In Europe, flour is only fortified (with iron) in the United Kingdom. One argument put forward against fortification in Europe is loss of the consumer’s freedom of choice as a result of mandatory fortification of staple foods. It is also argued that consumers are adequately supplied with nutrients, or that there is even a risk of overdosing if food supplements are consumed at the same time. A vitamin B12 deficiency is often accompanied by an undersupply of folate; some 30 percent of all elderly people have an inadequate intake of vitamin B12. The increased administration of folate through a basic food may conceal a vitamin B12 deficiency; this can only be prevented by simultaneously fortifying foods with vitamin B12. One argument in favour of fortifying staple foods is that this is the only reliable way to reach financially weak or poorly educated sections of the population.
Effects of folate deficiency
Folic acid and its salts, the folates, are involved in cell division, growth processes and protein metabolism. A lack of folate in the blood of expectant mothers can lead to severe developmental anomalies in the foetus, which may result in reduced intellectual ability or even neural tube defects (NTDs, e.g. an open spinal canal [Spina bifida], Hydrocephalus, Anencephalus etc.) or death of the unborn or newborn child. In Europe, about one neonate in 1,000 births is affected. That does not include prematurely aborted foetuses. About two-thirds of the babies survive, but a quarter of these are so severely disabled that they die within a month (Fig. 1). The remaining half of the newborn children with neural tube defects are affected to different degrees. In some cases their life expectancy and quality of life are drastically impaired (Tab. 1).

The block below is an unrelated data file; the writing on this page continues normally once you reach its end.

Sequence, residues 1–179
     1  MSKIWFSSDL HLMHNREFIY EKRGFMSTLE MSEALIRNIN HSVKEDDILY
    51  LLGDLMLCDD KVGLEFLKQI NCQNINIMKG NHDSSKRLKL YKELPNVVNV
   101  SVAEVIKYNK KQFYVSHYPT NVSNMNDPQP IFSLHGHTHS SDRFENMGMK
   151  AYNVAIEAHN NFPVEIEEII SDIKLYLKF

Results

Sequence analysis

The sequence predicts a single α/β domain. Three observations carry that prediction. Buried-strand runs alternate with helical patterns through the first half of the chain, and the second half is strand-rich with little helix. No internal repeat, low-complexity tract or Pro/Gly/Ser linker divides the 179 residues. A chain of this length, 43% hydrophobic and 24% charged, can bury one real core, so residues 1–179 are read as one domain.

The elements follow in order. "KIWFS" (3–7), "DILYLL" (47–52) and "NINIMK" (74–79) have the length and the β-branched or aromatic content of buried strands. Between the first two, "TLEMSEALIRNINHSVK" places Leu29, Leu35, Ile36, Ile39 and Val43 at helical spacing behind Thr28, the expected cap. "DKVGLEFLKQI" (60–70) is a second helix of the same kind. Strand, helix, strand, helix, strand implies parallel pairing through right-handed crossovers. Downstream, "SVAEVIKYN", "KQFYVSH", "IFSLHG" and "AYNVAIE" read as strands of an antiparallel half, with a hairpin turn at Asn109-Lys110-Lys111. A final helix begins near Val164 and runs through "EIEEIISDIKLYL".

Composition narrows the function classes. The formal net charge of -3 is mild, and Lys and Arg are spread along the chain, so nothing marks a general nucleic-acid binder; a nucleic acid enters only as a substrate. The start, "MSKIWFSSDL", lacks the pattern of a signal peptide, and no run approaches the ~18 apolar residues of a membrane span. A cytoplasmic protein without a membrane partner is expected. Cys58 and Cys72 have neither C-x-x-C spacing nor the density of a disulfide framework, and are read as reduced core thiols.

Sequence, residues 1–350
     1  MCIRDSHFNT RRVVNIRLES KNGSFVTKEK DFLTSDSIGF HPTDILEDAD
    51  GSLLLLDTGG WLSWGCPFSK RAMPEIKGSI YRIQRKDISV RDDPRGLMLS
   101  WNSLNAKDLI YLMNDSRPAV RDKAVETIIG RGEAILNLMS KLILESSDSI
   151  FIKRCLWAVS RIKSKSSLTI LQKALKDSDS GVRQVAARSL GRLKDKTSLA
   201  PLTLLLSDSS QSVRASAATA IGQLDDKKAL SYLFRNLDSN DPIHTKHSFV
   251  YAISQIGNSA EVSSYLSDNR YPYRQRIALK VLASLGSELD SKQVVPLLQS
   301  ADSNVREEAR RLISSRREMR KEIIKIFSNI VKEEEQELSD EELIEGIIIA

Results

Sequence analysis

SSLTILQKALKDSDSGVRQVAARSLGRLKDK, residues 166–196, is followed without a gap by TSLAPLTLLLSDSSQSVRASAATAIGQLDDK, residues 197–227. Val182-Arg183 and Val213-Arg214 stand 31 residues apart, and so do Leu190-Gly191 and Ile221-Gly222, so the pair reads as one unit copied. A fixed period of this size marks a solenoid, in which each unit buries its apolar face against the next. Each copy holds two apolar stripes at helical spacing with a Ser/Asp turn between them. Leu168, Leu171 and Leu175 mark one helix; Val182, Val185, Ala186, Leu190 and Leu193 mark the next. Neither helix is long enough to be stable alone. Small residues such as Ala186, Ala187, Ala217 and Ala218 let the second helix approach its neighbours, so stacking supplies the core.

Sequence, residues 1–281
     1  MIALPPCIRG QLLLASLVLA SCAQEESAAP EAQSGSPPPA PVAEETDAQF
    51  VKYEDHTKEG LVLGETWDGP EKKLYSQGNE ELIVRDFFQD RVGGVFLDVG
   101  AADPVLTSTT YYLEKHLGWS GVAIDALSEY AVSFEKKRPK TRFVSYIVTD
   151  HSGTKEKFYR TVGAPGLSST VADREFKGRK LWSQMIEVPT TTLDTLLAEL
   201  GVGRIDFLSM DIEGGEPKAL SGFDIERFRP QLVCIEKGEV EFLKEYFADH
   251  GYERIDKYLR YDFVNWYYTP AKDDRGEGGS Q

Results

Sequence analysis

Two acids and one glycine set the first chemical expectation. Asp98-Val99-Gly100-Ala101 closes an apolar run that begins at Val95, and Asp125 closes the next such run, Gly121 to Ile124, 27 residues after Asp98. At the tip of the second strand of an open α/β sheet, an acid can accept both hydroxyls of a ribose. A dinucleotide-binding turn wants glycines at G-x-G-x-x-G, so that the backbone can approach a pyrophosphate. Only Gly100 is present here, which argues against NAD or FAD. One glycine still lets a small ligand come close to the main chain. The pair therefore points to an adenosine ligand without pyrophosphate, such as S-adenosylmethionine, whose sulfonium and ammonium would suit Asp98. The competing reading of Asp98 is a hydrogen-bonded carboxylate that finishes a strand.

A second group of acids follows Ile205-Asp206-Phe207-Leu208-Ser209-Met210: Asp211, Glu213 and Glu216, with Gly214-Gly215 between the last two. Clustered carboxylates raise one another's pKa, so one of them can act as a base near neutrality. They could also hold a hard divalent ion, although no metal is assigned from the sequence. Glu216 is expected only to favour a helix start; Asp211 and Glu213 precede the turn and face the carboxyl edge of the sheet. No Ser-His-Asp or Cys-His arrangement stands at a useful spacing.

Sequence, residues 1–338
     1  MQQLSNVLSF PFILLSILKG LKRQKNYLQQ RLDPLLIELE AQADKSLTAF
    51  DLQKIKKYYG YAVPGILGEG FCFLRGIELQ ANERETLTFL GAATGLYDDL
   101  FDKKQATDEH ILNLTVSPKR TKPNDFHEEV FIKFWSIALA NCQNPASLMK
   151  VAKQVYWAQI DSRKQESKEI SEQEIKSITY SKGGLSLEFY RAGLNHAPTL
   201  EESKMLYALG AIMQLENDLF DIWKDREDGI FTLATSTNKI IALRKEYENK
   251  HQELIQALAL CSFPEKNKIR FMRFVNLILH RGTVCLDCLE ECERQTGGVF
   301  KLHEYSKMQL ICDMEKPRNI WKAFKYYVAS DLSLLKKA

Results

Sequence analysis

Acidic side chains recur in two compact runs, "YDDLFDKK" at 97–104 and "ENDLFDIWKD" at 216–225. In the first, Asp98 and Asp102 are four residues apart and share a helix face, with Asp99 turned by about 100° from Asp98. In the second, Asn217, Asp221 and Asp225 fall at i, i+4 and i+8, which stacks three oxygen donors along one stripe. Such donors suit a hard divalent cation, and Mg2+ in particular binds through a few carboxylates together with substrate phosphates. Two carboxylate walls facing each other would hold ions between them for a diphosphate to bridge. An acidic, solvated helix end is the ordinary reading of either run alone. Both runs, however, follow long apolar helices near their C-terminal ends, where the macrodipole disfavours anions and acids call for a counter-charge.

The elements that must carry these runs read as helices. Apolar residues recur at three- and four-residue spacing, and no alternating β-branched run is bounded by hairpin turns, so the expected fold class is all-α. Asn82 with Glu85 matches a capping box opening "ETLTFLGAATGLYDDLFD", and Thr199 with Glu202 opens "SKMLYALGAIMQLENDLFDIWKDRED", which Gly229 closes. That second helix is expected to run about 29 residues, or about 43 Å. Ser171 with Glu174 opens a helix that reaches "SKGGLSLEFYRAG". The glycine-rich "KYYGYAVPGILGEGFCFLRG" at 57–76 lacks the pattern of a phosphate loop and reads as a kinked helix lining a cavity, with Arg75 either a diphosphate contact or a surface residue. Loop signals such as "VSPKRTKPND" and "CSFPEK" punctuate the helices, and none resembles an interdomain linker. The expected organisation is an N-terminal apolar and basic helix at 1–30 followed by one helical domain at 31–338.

Fig. 1: Progression tree for neural tube defects (data from the Netherlands; modified from Jentink et al., 2008, with permission)
Tab. 1: Life expectancy and quality of life with NTD (modified from Jentink et al., 2008.
1.0 = full quality of life)
Besides the negative effects of folate deficiency in mothers on the development of the unborn child there are indications that the quality of the sperm is impaired too. The effects of folate deficiency presumably include changes in the number of chromosomes. That mayresult in sterility, miscarriages or developmental anomalies caused by the Down syndrome, Turner syndrome or Klinefelter syndrome.
To those who are not affected, these phenomena may seem very abstract and distant. But for the many victims of folate insufficiency in food they mean a drastic impairment of their quality of life – and one that need not have happened, because it could have been prevented by simple means.
But as we will explain below, our society as a whole is affected – if not because of the sympathy we feel obliged to show, then at least because of the considerable cost of making survival possible or easier for the disabled sufferers.